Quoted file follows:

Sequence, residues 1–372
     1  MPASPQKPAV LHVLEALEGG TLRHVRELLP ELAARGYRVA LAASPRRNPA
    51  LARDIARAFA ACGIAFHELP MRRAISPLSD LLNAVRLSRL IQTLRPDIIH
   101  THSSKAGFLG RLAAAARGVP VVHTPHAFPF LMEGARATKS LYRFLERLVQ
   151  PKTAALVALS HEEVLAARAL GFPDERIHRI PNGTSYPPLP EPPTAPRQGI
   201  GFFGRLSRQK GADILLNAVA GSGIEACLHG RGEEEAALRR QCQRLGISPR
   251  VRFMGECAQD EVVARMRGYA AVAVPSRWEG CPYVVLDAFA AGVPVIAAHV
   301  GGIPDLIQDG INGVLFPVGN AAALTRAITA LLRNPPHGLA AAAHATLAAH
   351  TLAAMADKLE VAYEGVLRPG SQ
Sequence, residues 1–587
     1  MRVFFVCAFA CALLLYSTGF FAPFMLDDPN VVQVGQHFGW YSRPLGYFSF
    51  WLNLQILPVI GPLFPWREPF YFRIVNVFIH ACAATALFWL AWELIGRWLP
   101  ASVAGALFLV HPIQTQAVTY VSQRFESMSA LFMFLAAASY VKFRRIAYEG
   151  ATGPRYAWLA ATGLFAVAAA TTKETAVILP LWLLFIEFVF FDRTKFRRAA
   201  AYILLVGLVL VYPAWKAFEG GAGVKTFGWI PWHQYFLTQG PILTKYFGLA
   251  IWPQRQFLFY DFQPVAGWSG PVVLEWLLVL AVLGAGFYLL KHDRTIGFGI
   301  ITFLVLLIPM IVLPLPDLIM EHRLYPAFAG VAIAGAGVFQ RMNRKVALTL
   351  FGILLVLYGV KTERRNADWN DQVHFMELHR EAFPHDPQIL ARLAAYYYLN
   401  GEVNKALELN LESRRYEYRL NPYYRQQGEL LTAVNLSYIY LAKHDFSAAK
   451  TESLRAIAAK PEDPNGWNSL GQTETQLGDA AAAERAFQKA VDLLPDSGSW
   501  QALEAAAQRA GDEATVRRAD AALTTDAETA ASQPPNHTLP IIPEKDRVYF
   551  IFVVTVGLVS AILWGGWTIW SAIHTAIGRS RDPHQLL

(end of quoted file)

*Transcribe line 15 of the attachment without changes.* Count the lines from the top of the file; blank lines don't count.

   201  AYILLVGLVL VYPAWKAFEG GAGVKTFGWI PWHQYFLTQG PILTKYFGLA